When all is said and done, of course, the Superfast is really all about big roads, big destinations and motoring as a glamorous adventure. And for that, there were few better machines back in its day. Except, perhaps, the 5000 GT.
5000 GT 101
The Maserati has a more complicated biography than the Ferrari. While there was just one basic Superfast, the 5000 GT lineup included eight different coachbuilders and two distinct technical specifications. Interestingly, it took a king to get the ball rolling.
In 1958, the Shah of Iran asked Maserati’s owner, Omer Orsi, to build him a unique road car powered by the 4.5-liter quad-cam 90° V8 engine from the mighty 450S sports racer. Orsi agreed, and the 5000 GT was born.
Maserati chief engineer Guilio Alfieri was tasked with developing the car. His first act was to increase the engine’s swept volume to 4,937cc. He also lowered the compression ratio from 9.5:1 to 8.5:1 and swapped the dry sump for a wet one, but retained the helical gear drive for the four camshafts, along with the roller cam followers, hairpin valve springs and twin distributors for the 16 spark plugs. With four twin-throat Weber carburetors, the reworked engine produced 325 hp. It was placed in a strengthened 3500 GT road-car chassis, which had front disc/rear drum brakes and a four-speed ZF gearbox.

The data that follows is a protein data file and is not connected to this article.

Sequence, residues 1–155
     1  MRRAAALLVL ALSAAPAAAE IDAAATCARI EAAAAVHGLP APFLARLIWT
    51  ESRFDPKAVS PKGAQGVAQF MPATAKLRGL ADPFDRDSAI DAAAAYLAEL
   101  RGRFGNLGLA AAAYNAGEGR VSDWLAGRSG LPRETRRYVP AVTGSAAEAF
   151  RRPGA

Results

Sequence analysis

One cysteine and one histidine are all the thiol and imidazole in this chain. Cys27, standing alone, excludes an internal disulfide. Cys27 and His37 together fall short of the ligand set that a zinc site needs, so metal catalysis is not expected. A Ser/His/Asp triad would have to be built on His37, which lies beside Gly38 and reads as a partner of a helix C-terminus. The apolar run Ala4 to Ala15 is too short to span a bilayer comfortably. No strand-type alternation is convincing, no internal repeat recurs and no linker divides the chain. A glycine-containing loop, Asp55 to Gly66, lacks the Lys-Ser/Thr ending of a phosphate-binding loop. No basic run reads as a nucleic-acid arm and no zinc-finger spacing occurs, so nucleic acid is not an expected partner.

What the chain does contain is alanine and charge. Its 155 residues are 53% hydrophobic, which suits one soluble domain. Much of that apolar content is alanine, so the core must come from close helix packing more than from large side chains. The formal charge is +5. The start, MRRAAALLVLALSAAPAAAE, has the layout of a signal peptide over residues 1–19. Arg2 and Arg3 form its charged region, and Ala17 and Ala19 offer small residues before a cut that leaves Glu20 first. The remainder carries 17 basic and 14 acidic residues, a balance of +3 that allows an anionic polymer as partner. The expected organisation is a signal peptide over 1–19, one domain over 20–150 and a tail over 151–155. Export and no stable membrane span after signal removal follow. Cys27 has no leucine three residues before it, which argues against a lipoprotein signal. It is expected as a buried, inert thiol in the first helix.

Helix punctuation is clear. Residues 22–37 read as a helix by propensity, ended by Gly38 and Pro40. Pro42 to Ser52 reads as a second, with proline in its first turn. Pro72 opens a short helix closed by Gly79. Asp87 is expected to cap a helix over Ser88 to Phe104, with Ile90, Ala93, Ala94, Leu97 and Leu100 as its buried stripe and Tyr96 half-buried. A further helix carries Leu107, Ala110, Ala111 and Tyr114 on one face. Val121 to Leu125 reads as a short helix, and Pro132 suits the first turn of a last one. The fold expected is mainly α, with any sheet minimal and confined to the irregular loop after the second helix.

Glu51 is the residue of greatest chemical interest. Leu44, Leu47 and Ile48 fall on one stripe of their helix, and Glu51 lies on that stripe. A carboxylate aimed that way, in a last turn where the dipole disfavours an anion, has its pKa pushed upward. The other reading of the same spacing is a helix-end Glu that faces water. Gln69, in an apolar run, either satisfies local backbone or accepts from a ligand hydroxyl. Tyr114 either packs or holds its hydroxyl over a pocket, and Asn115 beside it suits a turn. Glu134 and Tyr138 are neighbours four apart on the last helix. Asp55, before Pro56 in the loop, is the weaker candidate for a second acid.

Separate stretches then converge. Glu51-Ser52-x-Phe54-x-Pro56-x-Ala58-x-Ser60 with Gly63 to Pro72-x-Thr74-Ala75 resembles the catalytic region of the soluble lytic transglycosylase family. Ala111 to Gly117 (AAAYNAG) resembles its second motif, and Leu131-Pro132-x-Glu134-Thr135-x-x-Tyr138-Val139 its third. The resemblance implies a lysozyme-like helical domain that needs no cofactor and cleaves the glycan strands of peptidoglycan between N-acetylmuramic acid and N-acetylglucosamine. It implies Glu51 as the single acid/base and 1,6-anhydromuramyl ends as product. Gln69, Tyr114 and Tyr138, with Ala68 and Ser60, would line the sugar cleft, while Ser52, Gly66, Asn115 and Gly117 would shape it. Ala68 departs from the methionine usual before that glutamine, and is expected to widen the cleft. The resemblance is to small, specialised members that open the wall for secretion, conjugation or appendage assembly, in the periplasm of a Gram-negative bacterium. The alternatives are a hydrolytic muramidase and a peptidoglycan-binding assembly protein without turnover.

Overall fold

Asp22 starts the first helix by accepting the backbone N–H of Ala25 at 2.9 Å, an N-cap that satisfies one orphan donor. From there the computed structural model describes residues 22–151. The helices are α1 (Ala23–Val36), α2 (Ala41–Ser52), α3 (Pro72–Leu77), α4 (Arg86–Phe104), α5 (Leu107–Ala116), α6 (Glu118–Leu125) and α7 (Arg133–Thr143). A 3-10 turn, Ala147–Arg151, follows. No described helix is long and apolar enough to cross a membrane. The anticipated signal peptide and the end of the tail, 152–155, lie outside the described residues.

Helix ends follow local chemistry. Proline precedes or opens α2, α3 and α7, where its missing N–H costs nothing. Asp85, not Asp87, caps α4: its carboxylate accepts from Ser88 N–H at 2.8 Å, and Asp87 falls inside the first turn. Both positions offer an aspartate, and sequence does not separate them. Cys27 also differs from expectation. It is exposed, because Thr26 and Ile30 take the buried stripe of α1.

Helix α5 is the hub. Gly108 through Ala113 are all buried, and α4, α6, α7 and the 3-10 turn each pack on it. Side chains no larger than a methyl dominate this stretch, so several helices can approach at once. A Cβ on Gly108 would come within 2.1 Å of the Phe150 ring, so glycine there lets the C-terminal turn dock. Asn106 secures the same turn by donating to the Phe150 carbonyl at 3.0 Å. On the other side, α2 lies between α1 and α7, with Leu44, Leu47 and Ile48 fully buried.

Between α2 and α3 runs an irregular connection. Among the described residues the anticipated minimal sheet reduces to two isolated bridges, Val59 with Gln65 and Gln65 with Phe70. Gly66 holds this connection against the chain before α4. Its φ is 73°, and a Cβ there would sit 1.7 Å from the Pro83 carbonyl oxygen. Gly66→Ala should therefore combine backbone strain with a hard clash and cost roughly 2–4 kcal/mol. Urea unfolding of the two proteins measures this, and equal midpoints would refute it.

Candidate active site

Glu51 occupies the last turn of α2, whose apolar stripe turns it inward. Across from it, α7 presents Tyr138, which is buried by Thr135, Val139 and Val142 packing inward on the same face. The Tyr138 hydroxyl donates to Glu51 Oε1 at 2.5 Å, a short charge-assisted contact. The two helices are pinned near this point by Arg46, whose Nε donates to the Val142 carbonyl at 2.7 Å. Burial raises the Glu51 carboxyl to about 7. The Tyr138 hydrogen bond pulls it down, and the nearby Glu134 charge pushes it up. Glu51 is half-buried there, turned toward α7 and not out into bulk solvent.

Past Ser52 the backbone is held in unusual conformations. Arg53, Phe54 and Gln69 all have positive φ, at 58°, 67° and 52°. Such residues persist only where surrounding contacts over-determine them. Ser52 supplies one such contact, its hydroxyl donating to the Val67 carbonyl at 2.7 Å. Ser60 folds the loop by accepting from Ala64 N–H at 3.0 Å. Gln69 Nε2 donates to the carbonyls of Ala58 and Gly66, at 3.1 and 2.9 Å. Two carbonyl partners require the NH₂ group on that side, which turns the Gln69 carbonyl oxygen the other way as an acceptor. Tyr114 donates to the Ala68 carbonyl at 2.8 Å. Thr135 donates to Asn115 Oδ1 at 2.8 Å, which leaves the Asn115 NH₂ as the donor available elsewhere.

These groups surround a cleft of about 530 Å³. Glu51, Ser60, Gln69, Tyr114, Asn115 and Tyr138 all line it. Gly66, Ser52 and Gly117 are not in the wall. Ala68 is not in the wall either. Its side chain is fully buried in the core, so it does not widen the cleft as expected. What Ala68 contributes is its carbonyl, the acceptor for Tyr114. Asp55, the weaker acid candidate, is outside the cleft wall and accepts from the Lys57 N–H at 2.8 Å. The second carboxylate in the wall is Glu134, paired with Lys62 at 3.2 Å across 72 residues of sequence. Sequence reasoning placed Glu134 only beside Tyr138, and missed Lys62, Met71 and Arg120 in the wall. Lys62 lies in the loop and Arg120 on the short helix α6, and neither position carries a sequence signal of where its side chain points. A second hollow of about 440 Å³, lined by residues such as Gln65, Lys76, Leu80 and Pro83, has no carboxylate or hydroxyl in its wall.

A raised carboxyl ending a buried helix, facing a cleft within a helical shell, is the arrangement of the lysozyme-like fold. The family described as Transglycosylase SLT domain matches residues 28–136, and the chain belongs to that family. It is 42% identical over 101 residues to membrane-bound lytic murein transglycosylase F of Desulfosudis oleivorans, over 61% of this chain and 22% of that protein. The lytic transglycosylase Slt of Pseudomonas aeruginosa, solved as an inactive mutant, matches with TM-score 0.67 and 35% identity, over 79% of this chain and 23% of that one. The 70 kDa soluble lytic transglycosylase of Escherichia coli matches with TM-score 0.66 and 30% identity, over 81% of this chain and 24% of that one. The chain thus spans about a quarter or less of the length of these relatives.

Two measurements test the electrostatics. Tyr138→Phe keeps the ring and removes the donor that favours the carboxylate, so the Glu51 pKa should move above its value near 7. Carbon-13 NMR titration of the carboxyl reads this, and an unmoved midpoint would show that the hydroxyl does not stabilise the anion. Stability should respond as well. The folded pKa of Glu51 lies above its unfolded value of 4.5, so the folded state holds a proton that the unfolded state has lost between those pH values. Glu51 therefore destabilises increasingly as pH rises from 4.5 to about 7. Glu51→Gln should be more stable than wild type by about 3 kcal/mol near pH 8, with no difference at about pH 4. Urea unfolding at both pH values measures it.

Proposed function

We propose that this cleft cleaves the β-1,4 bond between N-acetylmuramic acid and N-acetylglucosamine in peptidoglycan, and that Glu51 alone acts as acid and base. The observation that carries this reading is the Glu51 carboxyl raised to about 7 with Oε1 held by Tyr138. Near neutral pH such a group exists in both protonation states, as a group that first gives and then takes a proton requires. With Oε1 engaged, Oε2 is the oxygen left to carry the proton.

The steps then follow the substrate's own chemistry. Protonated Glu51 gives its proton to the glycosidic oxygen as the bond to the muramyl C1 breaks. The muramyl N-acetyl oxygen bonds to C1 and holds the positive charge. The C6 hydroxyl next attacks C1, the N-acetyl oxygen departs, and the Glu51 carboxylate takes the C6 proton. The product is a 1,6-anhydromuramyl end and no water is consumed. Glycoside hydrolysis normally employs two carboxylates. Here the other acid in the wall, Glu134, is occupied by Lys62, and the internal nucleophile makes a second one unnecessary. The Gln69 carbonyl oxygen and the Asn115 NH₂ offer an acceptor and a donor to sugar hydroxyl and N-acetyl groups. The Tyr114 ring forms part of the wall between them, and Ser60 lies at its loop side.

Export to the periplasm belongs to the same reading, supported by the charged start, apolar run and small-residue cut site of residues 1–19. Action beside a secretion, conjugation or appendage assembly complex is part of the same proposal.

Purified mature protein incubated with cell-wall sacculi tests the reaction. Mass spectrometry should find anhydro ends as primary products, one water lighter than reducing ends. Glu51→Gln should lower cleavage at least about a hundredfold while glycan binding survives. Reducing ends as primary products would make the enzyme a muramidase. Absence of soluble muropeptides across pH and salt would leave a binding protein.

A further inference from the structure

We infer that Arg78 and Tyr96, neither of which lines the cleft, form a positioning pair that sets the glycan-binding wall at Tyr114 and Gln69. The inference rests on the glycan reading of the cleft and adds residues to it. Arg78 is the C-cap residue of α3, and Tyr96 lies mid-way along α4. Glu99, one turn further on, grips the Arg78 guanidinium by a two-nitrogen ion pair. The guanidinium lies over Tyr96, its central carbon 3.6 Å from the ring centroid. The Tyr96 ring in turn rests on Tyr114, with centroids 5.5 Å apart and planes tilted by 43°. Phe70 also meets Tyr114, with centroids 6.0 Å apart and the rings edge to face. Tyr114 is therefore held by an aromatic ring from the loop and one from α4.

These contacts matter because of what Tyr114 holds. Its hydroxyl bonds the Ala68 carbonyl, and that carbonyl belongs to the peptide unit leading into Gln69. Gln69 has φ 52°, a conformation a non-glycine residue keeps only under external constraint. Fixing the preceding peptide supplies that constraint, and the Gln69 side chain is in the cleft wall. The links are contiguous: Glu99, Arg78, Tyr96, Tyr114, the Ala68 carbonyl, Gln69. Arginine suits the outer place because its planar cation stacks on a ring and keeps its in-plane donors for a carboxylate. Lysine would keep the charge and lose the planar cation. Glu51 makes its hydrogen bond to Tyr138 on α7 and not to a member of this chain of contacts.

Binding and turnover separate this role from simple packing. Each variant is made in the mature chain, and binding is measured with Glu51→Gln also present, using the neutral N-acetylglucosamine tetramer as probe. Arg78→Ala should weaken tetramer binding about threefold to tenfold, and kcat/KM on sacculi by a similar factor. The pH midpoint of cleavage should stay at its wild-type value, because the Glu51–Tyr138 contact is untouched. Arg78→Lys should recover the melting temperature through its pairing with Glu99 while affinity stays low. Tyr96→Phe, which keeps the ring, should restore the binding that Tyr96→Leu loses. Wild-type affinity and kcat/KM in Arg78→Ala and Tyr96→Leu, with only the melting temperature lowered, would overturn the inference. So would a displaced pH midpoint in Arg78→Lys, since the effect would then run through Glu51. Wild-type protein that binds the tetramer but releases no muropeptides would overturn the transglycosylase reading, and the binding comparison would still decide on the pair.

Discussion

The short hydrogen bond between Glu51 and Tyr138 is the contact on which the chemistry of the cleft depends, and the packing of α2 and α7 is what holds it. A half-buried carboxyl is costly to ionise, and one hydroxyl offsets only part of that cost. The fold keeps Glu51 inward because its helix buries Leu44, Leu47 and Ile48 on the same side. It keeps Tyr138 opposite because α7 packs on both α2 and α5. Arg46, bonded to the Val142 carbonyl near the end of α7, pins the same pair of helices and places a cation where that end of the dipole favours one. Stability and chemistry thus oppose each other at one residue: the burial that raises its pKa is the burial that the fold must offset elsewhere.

Only the first two 5000 GTs were built to this “pure” 450S specification, however. After that, Alfieri reworked the engine to improve its civility. The V8’s bore was reduced and its stroke lengthened to flatten the torque curve (overall capacity increased slightly, to 4,941cc). The noisy camshaft gear drive was abandoned in favor of chains, and conventional valve springs and cup-type tappets were used. Perhaps most significant was the adoption of Lucas fuel injection, which improved driveability.
These second-series engines produced 340 hp as of 1961, and featured green camshaft covers (in magnesium alloy, like the sump). They were placed in chassis which received the improvements seen on later 3500 GTs, principally a five-speed gearbox and disc brakes all around.
Carrozzeria Touring of Milan bodied the first three 5000 GTs, but other coachbuilders soon got interested. Pininfarina built a muscular coupe for Gianni Agnelli, while Ghia, Bertone and Michelotti each bodied one car apiece. Monterosa built two, and Frua did three which predicted his direction for the forthcoming Quattroporte.